• Post author:
  • Post category:Uncategorized

GRAN TORINO (director: Clint Eastwood; screenwriters: Nick Schenk/based on a story by Dave Johannson and Mr. Schenk; cinematographer: Tom Stern; editors: Joel Cox/Gary D. Roach; music: Kyle Eastwood/Michael Stevens; cast: Clint Eastwood (Walt Kowalski), Bee Vang (Thao Lor), Ahney Her (Sue Lor), Christopher Carley (Father Janovich), Brian Haley (Mitch Kowalski), Geraldine Hughes (Karen Kowalski), Dreama Walker (Ashley Kowalski), Brian Howe (Steve Kowalski), John Carroll Lynch (Barber Martin), William Hill (Tim Kennedy), Chee Thao (Grandma), Brooke Chia Thao (Vu); Runtime: 116; MPAA Rating: R; producers: Clint Eastwood/Robert Lorenz/Bill Gerber; Warner Brothers; 2008)
“Modestly gripping topical urban drama.”

Reviewed by Dennis Schwartz

The 78-year-old Clint Eastwood (“Unforgiven”/”Million Dollar Baby”/”Changeling”) directs and stars in this modestly gripping topical urban drama that although contrived nevertheless engages the audience in dealing with some real problems facing a changing America reeling from economic decline and a misguided series of wars. It brings up the ghost of Dirty Harry to frame its story on violence, bigotry, the clash of cultures, the influence of the Roman Catholic Church, being an American and the lack of Law and Order. Though far from a great film, it still is a challenging one that provides no answers to real urban problems but raises enough emotionally charged radio talk show hot-button questions about modern and traditional values to be worth a look to see how far Eastwood has strayed from his Inspector Harry Callahan days. It’s a populist film that plays off the Eastwood iconic image, telling his new audience what they want to hear a 21st century Dirty Harry type tell them about how to deal with the current crop of bad guys and it reassures us that not all bigots are that bad and that they can be humanized with love.

It’sbased on a story by Dave Johannson and Nick Schenk, and the all too predictable script is by Schenk. Walt Kowalski (Clint Eastwood), the Polish-American film’s strong-willed hero, is an angry old-timer racist curmudgeon, who was decorated during the Korean War, retired as an auto worker at Ford, prizes his vintage 1972 Gran Torino above all else, and lives in the same neighborhood of working-class private houses he raised his two grown sons with his beloved wife. But the scowling man from another era has to now deal with the area being rundown, whites moving out and Asians moving in.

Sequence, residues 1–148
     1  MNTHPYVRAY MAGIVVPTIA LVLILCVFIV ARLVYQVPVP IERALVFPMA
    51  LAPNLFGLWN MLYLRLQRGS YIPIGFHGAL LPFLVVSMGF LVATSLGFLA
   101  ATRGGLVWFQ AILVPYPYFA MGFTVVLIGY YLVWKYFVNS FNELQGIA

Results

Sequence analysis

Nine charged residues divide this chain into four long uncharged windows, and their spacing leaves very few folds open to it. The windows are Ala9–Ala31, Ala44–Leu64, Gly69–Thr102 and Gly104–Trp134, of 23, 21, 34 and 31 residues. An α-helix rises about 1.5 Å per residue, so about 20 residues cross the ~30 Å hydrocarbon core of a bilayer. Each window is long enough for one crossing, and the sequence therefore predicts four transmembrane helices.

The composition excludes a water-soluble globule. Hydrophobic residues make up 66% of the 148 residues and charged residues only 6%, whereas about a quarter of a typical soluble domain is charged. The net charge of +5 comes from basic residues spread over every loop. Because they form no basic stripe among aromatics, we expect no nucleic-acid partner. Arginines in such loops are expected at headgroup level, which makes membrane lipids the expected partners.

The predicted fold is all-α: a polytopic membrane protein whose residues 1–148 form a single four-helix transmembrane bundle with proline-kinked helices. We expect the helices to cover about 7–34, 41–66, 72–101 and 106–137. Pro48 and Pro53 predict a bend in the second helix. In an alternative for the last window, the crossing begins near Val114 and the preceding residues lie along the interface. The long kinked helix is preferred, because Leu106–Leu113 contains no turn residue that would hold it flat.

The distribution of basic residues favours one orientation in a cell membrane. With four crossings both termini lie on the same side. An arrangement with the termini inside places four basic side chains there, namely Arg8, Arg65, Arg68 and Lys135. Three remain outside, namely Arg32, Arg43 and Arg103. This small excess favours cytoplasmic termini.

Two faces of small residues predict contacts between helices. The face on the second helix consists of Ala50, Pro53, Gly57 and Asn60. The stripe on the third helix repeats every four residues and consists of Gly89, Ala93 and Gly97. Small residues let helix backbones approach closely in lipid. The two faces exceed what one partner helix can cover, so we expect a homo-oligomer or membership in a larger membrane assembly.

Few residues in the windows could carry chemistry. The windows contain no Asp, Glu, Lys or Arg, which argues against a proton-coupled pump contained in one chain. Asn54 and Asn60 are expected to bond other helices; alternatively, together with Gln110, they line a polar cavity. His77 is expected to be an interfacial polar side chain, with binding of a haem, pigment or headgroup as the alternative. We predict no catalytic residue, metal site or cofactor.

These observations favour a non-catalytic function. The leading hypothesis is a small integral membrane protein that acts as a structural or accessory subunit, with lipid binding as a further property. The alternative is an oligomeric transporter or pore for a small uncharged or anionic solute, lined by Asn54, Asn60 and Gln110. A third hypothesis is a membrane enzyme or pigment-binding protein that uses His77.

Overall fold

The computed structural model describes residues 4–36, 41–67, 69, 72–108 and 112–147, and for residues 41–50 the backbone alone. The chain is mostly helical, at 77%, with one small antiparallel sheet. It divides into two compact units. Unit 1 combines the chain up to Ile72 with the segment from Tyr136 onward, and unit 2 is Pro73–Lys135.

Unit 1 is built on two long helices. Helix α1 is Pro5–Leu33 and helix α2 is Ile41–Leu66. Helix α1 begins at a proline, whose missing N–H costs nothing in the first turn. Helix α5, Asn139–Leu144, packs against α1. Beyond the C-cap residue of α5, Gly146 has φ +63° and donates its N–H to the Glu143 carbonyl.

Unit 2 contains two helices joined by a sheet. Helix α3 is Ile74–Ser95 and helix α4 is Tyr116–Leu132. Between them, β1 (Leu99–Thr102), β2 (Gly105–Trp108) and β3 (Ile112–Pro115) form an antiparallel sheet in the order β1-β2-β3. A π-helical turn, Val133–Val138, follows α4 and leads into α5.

After Walt’s wife died and his spoiled upscale sons, the youngest a salesman for Japanese cars, show up to the church service with the older one’s daughter exposing her belly button ring and text messaging during the service, Walt just wants to be left alone with his faithful yellow Labrador Daisy drinking Pabst Blue Ribbon on his porch and is content to be grumbling under his breath about all the “gooks,” “swamp rats” and “zipperheads” spoiling the neighborhood.

The film’s Dirty Harry moment comes when an Asian street gang is harassing Walt’s Hmong immigrant next-door neighbors (they hail from Laos and Thailand, supporting America during the Vietnam War) and when they step on his lawn he pulls out his high-powered rifle brought home from heavy duty during the Korean War and prevents them from assaulting one of his neighbors by growling at them “Ever notice how you come across somebody once in a while you shouldn’t have fucked with? That’s me.” Though the neighbors were hostile before, the Asians go full blast to thank Walt for assisting them. It leads to friendship with the feisty and gregarious teenager Sue Lor (Ahney Her) and her younger sullen and timid teen brother Thao (Bee Vang), and an eventual change of heart for the recalcitrant Walt who also becomes the family’s protector and a surrogate father to the teens.

Walt gets drawn into the family’s problems (telling himself: “I have more in common with these gooks than with my own spoiled, rotten family”) and proves to be a likable cuss even though he insults everyone he speaks to with snappy racial retorts ala Archie Bunker, insults that don’t seem to bother the recipients as they shrug it off and accept it as part of the American experience. It’s an ugly and brutal film, where Sue is savagely raped and beaten by the Hmong gang and Thao is threatened to join the gang or else. Walt, like many other Eastwood characters is a narcissistic savior figure, sees that it’s up to him to save the family from this gang, while the kids teach the embittered old man to open up his heart and let the hate out. The inexperienced baby-faced 27-year-old priest (Christopher Carley) at his local church is around to show the lapsed Catholic that the church is not useless but can be there to comfort its parishioners in its time of need if they can just trust in the Lord.

The old-fashioned melodrama works in the same way it did in the past for those social conscience Cagney and Bogart films for Warners, no better or worse. But one must say, Eastwood’s directing is most pleasing to behold; there’s a relaxed pace mixed in with comedy and intense scenes skillfully shot that overcome the shortcomings of the ham-fisted script and leave us with the questionable crowd-pleasing libertarian impression that a white man, even an old one, with a gun is still a better deterrent to crime than anything else that American society can come up with.


Dennis Schwartz: “Ozus’ World Movie Reviews”